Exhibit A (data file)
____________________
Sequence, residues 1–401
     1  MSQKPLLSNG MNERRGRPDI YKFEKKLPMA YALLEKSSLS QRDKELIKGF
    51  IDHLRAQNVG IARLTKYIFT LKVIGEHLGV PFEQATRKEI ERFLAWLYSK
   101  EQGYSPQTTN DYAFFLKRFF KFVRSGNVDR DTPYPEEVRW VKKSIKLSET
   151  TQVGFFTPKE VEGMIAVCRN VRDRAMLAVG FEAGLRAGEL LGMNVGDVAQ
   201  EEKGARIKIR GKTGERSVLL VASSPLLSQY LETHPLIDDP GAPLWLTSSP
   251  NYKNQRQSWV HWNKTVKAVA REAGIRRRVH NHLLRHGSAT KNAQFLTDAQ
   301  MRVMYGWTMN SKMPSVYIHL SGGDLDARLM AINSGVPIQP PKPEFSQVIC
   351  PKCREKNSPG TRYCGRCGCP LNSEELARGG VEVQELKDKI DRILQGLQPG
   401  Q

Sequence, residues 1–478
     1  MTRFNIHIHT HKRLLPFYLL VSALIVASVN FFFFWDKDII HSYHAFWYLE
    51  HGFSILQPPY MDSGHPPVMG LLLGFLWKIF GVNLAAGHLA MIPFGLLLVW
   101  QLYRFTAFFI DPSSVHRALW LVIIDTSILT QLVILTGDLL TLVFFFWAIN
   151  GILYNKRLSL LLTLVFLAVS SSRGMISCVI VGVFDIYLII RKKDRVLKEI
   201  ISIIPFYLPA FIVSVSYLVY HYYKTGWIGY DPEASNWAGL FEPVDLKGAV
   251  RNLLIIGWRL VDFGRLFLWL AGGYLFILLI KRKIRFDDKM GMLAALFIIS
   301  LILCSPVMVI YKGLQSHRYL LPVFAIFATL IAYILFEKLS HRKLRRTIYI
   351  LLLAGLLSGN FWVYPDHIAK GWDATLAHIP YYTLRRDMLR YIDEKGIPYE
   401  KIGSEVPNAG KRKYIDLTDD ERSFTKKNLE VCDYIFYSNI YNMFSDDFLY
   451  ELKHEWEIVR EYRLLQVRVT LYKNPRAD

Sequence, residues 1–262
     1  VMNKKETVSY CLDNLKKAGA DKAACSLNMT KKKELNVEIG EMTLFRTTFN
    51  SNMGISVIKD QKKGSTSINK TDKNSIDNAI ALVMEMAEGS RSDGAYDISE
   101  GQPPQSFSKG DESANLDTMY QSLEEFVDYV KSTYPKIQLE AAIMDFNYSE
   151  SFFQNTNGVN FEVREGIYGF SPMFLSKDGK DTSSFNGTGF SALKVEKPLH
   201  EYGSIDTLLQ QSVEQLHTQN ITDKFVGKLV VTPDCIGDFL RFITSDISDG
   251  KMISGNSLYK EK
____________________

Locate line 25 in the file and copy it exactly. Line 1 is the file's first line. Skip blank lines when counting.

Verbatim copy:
   101  GQPPQSFSKG DESANLDTMY QSLEEFVDYV KSTYPKIQLE AAIMDFNYSE